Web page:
Today is Pearl Harbor Rembrance Day. As F.D.R. said, it is a "day that will live in infamy." We lower our flags to half-staff and we remember this somber occassion by paying tribute to the soldiers who lost their lives in the sneak attack on Pearl Harbor, and we express gratitude to God for the blessings of living in such a blessed nation. The flag is a symbol of our nation's strength and goodness but also a reminder of the blood that has been shed for the cause of freedom and liberty.
As with all aspects of our lives, we can learn lessons that we can apply to our writing.
Words and symbols mean something. As writers we probably all agree. Every year on this date, F.D.R's words are etched in my mind and I'm reminded of the reported internal political struggel he faced before giving that speach. He defied many of his closest advisors because he believed those words needed to be spoken. What words do we believe in?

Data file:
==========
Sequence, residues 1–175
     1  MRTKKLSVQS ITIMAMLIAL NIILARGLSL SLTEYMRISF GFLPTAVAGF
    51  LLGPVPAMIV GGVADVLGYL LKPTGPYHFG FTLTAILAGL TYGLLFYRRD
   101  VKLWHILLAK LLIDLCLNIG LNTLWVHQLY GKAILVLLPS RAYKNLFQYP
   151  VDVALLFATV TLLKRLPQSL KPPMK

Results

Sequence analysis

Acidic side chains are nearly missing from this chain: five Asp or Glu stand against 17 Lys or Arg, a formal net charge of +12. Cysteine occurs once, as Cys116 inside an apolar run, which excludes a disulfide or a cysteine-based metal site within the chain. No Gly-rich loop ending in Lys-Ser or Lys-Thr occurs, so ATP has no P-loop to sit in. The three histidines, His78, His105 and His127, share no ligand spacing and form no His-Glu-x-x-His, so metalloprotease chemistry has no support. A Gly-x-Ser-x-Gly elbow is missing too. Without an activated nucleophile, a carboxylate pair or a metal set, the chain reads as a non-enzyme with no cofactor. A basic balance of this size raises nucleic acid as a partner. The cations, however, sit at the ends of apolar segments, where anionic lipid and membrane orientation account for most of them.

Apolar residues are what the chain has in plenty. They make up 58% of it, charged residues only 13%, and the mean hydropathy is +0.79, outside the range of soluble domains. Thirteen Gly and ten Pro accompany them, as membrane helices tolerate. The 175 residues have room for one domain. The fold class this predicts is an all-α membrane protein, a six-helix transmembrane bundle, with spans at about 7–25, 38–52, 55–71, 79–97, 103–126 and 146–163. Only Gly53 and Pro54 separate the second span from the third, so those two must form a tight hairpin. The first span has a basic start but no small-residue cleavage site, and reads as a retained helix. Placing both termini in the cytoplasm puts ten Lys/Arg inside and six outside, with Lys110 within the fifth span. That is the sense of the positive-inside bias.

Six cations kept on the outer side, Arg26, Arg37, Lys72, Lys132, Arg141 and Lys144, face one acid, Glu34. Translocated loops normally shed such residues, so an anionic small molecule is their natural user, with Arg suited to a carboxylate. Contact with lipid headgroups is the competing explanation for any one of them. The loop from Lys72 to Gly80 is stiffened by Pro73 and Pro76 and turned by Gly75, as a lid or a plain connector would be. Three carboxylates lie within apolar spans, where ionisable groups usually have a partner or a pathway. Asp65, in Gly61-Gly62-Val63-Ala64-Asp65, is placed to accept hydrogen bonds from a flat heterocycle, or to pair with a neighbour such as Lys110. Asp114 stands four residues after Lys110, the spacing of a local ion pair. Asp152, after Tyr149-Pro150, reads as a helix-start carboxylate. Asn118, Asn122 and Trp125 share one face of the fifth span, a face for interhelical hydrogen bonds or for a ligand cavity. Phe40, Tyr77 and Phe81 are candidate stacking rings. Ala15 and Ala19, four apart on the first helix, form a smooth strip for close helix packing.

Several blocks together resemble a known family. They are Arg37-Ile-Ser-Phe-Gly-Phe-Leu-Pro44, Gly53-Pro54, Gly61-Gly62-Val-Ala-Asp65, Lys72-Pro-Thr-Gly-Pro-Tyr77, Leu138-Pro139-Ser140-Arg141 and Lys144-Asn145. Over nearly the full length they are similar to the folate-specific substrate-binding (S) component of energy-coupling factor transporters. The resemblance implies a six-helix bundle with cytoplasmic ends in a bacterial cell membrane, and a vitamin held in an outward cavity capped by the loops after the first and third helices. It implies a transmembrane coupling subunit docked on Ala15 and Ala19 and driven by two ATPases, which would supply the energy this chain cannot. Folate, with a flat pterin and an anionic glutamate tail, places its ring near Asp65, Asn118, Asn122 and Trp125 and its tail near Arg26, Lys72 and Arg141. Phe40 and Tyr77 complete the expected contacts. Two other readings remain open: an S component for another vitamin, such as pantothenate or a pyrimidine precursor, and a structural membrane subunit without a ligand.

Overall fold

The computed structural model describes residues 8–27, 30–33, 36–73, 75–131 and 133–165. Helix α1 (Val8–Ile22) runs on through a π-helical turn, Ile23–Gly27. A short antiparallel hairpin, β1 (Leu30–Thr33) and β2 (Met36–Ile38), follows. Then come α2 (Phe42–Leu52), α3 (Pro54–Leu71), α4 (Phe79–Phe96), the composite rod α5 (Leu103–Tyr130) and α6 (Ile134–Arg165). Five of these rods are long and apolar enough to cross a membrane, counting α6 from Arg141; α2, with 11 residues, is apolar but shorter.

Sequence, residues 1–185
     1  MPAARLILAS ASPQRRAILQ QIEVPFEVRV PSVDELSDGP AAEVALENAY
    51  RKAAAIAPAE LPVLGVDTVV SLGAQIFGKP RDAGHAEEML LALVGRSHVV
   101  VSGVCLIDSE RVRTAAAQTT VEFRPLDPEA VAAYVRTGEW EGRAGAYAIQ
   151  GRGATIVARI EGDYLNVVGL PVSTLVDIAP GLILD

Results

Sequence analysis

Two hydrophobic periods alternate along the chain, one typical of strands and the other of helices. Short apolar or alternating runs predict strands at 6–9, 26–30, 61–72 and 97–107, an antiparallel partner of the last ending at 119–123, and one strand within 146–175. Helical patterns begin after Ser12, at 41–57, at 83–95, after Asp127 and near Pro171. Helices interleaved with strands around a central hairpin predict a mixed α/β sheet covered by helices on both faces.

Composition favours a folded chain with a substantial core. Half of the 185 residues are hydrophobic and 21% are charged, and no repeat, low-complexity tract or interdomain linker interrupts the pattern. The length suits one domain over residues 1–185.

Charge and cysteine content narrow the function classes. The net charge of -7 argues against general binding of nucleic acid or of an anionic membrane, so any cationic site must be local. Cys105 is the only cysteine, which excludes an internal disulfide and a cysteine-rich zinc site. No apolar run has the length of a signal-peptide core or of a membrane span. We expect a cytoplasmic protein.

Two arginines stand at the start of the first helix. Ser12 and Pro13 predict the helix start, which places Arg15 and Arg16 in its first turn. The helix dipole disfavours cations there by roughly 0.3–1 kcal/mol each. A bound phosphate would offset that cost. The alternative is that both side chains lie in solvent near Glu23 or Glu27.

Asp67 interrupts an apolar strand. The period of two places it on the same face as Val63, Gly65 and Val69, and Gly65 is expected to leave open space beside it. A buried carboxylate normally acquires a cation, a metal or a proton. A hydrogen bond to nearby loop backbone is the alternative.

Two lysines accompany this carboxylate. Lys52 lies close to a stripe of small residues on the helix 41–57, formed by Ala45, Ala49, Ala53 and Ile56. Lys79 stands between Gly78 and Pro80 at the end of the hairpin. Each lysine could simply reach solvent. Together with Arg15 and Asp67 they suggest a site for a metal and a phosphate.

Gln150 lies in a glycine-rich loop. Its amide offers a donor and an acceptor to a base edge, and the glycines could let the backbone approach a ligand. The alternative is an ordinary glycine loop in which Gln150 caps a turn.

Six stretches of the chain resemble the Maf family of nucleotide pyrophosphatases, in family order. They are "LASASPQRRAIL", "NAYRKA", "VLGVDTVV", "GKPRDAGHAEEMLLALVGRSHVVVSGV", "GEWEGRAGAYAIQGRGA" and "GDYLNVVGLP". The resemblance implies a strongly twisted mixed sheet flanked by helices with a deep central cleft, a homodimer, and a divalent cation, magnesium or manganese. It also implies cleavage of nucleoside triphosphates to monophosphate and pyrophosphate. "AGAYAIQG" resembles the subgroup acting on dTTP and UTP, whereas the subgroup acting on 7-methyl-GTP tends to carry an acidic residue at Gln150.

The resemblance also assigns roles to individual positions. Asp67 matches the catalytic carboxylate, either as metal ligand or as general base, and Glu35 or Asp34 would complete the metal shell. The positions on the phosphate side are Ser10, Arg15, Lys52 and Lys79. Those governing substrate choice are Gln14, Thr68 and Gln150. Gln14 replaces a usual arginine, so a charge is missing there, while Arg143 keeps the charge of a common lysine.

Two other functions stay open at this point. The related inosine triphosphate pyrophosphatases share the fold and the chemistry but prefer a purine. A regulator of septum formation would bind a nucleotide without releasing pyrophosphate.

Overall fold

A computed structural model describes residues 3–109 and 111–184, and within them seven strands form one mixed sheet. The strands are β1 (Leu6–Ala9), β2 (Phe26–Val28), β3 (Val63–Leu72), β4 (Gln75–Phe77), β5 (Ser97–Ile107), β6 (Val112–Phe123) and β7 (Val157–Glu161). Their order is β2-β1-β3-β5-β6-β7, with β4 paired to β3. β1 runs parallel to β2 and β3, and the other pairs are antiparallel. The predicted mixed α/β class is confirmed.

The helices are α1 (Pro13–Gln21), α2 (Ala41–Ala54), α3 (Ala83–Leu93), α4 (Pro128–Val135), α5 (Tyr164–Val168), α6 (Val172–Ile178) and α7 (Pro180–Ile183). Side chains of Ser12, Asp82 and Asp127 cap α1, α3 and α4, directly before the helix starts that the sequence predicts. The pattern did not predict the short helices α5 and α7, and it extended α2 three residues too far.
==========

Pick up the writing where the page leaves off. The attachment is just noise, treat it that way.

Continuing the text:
We write for many different reasons but most of us have a desire to be published so that our work can be seen and enjoyed by others. We look at what's popular, what genres are hot and we devise fantastic stories based on what we think will sell to an agent or publisher. This is fine, and smart, but there are times when we shouldn't seek popularity and sales. Sometimes there is a story that needs to be told that may never see the light of day. It may be unpopular or politically incorrect, but if we believe in the words, we should press forward and write them boldly.
We remember that sometimes a good fight has to be fought. We don't seek after conflict or war, but we recognize that sometimes it may be necessary to protect our lives, families and ideals. Sometimes the pen is mightier than the sword. If we believe in our words and can convince others of their strength we can fight the good fight without the shedding of blood. We can give honor to the words and symbols that matter.